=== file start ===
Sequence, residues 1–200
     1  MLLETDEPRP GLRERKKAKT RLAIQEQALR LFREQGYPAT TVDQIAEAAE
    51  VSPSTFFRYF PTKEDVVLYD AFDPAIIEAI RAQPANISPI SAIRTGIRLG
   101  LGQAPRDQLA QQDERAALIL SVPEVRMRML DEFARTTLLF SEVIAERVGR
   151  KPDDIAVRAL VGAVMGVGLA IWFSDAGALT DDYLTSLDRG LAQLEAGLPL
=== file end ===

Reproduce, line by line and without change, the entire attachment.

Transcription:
Sequence, residues 1–200
     1  MLLETDEPRP GLRERKKAKT RLAIQEQALR LFREQGYPAT TVDQIAEAAE
    51  VSPSTFFRYF PTKEDVVLYD AFDPAIIEAI RAQPANISPI SAIRTGIRLG
   101  LGQAPRDQLA QQDERAALIL SVPEVRMRML DEFARTTLLF SEVIAERVGR
   151  KPDDIAVRAL VGAVMGVGLA IWFSDAGALT DDYLTSLDRG LAQLEAGLPL